Sick, but Too Sick for School?
by Tina Gallagher
You wake your child for school in the morning. He utters the phrase every parent dreads hearing: “Mom, I don’t feel good.”
His temperature is normal, but he’s sniffling, coughing and complaining of a sore throat. Should you get him up and send him off to school?
Health officials recommend parents keep children home if they exhibit any of the three main symptoms of illness fever, vomiting or diarrhea. But often illnesses aren’t that black and white. “There are a lot of gray areas, but because temperature is an objective piece of information, it is a useful guide for parents in determining if their child can return to school. Usually I recommend 24 hours of no fever (off medications such as ibuprofen or acetaminophen) for the child to return to school,” says Cheryl Hausman, MD, a pediatrician at The Children’s Hospital of Philadelphia.
It’s only natural to be concerned when your child’s temperature goes up. But not all fevers are a cause for worry. In fact, many fevers don’t need treatment.
By activating your child’s immune system, a fever can actually shorten your child’s illness. Normal temperature is not a specific number. Instead normal temperature usually ranges from 97° to 100.4° Fahrenheit. Body temperature also varies according to time of day, age, and physical activity.
Pediatricians do not consider a fever significant unless it rises above 100.4°. Treatment is rarely required for a child older than three months who has a mild fever but no other symptoms. But if other symptoms appear along with the fever, you should call your pediatrician.
For children younger than three months even a mild fever means you should call your pediatrician right away
From the American Academy of Pediatrics radio series A Minute for Kids.
If your child is feeling sluggish or seems to be “getting sick,” keeping her out of school usually isn’t necessary either. Some parents believe that putting a halt to a child’s activities will keep a mild illness from turning into something more serious, but that isn’t always true.
According to Dr. Hausman, “Rest is always important when an illness is beginning. However, there is no evidence that it will prevent something more serious. Many illnesses are viral in nature and once in motion will run their course. Having said that, maintaining decreased stress, promoting good nutrition and getting rest can often benefit your child during these early stages of illness.”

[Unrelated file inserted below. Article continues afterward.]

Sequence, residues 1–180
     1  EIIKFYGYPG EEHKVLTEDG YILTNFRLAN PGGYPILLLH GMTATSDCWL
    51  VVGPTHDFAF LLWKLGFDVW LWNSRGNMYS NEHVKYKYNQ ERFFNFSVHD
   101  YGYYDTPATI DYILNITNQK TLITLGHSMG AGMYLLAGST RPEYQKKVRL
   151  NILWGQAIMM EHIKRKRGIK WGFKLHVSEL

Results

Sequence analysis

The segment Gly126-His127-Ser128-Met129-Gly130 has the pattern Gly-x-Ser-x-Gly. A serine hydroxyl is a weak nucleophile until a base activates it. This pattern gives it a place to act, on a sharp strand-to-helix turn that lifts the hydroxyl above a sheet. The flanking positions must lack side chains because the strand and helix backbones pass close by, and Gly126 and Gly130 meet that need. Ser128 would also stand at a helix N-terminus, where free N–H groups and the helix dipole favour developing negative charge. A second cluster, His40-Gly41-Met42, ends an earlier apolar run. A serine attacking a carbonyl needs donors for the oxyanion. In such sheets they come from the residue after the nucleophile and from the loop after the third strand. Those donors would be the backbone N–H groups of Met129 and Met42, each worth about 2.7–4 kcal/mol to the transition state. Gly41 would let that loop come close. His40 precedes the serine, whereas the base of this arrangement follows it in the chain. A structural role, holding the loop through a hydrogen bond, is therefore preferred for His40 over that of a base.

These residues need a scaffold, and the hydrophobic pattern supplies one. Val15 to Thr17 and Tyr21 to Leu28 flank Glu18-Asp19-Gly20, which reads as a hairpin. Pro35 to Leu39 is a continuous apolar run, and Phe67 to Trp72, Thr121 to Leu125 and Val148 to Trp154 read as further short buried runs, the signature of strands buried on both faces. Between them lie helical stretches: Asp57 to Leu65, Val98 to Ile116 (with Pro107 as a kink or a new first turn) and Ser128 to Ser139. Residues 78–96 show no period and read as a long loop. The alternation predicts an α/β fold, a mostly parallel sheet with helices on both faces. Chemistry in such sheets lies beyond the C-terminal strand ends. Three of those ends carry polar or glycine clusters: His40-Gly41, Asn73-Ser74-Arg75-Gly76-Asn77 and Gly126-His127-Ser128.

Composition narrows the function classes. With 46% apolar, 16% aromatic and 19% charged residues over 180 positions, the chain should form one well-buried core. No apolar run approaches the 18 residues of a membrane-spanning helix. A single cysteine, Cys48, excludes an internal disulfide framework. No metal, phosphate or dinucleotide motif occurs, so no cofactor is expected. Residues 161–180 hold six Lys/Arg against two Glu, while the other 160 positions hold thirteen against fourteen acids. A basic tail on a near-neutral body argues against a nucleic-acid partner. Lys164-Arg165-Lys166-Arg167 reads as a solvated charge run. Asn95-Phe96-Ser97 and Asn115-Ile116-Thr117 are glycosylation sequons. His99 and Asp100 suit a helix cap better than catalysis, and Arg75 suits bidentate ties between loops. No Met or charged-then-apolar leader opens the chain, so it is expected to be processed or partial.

So when should your youngster absolutely be kept home from school? Here’s Dr. Hausman’s prescription for parents:
Fever. If your child’s temperature is 101 degrees or higher, keep him home. He should be fever-free for 24 hours without medicine before returning to school.
Most children with mild diarrhea can continue to eat a normal diet including formula or milk. Breastfeeding can continue. If your baby seems bloated or gassy after drinking cow’s milk or formula, call your pediatrician to discuss a temporary change in diet. Special fluids for mild illness are not usually necessary.
Children with moderate diarrhea may need special fluids. These fluids, called electrolyte solutions, have been designed to replace water and salts lost during diarrhea. Do not try to prepare these special fluids yourself.
Use only commercially available fluids brand-name and generic brands are equally effective. Your pediatrician or pharmacist can suggest products.
If your child is not vomiting, these fluids can be used in very generous amounts until the child starts making normal amounts of urine again.
• Watch for signs of dehydration which occur when a child loses too much fluid and becomes dried out. Symptoms of dehydration include a decrease in urination, no tears when baby cries, high fever, dry mouth, weight loss, extreme thirst, listlessness, and sunken eyes.
• Keep your pediatrician informed if there is any significant change in how your child is behaving. Call the doctor if your child has blood in his stool or develops a high fever (more than 102°F or 39°C).
• Continue to feed your child if she is not vomiting. You may have to give your child smaller amounts of food than normal or give her foods that do not further upset her stomach.
• Use diarrhea replacement fluids that are specifically made for diarrhea if your child is thirsty.
• Try to make special salt and fluid combinations at home unless your pediatrician instructs you and you have the proper instruments.
• Prevent the child from eating if she is hungry.
•Use boiled milk or salty broth and soups.
• Use “anti-diarrhea” medicines unless prescribed by your pediatrician
From the American Academy of Pediatrics Parenting Corner
Earache. This is usually a sign of an ear infection, so your child should see a doctor for treatment.
Conjunctivitis (Pink Eye). This disease is highly contagious and uncomfortable. If your child’s eye is itching, burning and producing a whitish discharge, call the doctor immediately. Most schools require a doctor’s note before allowing the child to return to school from a bout of pink eye.
Rash. A child with a skin rash should see a doctor to identify it. The rash might be caused by one of several infectious diseases, such as chicken pox, measles or impetigo.
Not all children exhibit obvious symptoms at the onset of an illness. Sometimes, it’s just a matter of the child not feeling well.
When this is the case, parents must use their own judgment. You know your child better than anyone else, so if your instincts tell you he’s too sick to go to school, by all means, keep him home.
If you think your child is using illness as a means to skip class, then pack his backpack and send him on his way. When in doubt, don’t be afraid to contact your physician for guidance.
Tina Gallagher is a freelance writer.